Review: The Promise by Robert Crais

Reviewed by Stephen Dedman

Robert Crais is the multi-award winning author of the Elvis Cole novels and a few other thrillers, and a former writer for Hill Street Blues, The Twilight Zone, LA Law, Miami Vice, The Equalizer, Earth 2 and other shows. He’s also one of Lee Child’s favourite crime writers, and the back cover blurb aptly describes him as “the master of the intelligent action thriller” (please don’t let the Dan Brown recommendation deter you.) The Promise is his sixteenth Elvis Cole and Joe Pike novel, and second Scott and Maggie novel.

The novel begins with a hook reminiscent (and worthy) of Breaking Bad: Rollins, a chemist who specialises in illegal drugs, has tested a sample of a new plastic explosive offered by a mysterious woman who calls herself Amy. Amy has offered to sell 400 pounds of the stuff, but stipulated that she must meet the buyer first. Rollins has a sample ready to collect, but his contact has sent a gang member to pick it up, and the thug has been identified by cops and chased to Rollins’ lab. Rollins kills the gang-banger and runs.

Meanwhile, private investigator Elvis Cole has been hired by another mysterious woman to find Amy Breslyn, a chemical engineer accused of embezzling funds from their employer, a munitions manufacturer. He’s sent to the last known address of an ex-boyfriend of Breslyn’s – the rental house Rollins is using as a lab.

LAPD K9 officer Scott James and Maggie, a retired Army-trained bomb sniffer dog, are sent to the back door of the house as Rollins escapes from the front. Maggie detects the scent of explosives, Cole runs after Rollins but is unable to catch him, the bomb squad is called, and Cole is treated as a suspect. Not wanting to name his secretive client, he lies about his reason for going to the house; finding himself under surveillance, he calls in his partner, ex-mercenary Joe Pike, to run interference for him.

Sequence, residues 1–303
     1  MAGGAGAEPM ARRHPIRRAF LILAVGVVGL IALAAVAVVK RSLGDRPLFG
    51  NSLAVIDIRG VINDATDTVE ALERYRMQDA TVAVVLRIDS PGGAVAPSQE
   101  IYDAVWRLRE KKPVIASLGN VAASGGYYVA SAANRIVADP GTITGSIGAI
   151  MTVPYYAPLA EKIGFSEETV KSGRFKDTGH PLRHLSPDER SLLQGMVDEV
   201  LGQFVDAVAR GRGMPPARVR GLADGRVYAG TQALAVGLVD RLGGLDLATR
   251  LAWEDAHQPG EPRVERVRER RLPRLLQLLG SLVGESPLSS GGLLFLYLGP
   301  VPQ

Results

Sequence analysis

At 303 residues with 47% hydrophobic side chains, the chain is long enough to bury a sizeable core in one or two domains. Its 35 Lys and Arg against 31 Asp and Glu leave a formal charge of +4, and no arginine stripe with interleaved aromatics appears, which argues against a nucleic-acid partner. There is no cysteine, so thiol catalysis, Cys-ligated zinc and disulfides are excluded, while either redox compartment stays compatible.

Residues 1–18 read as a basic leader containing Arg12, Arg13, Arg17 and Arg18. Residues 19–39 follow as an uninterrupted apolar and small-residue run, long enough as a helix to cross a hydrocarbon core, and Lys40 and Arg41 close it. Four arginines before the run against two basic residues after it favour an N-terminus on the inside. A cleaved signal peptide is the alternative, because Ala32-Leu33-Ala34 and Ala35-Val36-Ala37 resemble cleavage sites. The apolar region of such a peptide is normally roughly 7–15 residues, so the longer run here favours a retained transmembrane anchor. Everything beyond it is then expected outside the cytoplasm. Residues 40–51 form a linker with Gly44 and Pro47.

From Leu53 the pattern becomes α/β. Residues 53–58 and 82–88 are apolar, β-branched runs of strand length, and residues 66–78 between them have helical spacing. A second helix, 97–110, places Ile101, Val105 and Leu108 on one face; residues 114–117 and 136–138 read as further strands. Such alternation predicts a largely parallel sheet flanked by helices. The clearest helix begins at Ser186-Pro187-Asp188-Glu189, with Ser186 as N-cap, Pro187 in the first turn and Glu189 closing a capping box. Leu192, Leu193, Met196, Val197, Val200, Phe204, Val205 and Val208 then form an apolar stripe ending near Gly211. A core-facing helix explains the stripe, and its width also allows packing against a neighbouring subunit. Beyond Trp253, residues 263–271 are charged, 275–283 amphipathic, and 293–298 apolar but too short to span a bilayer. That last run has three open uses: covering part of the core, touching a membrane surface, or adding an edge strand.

The deeper Cole digs, the more disturbing the case becomes. Breslyn, the chemist, had a son killed by terrorist in Nigeria, but is apparently eager to sell explosives to al Qaeda. Scott survives an attempt to booby-trap his car thanks to Maggie’s nose for explosives, and, despite being ordered not to contact Cole, decides to help him untangle the mess of lies to try to avert a tragedy – or a disaster.

I discovered the Elvis Cole novels in the early 90s; the first, The Monkey’s Raincoat, is extremely good, but it was the second, Stalking the Angel, that had me completely hooked. Cole, a former US Army Ranger who mysteriously never seems to age (he was 35 in The Monkey’s Raincoat) is a P.I. who follows his conscience in the tradition of Raymond Chandler’s Philip Marlowe. Like Marlowe or John D. MacDonald’s Travis McGee, he’s also an entertaining and insightful first-person narrator; unfortunately, the large cast and complicated plot of The Promise means that large chunks of the novel are told in third person with some head-hopping (we even see some scenes from Maggie’s perspective), and while this helps create suspense and helps the reader keep track of the frequent plot twists and changing aliases, some of the transitions are rather jarring.

I can heartily recommend Crais’s Cole and Pike novels, and if you become hooked on the series as I did (I suggest you start at the beginning), you’ll enjoy The Promise. Promise.


Stephen Dedman is a writer, book reviewer, and tutor. He’s previously been an actor, a manuscript assessor, an academic and legal WPO, an editorial assistant for Australian Physicist magazine, an experimental subject, and a used dinosaur parts salesman.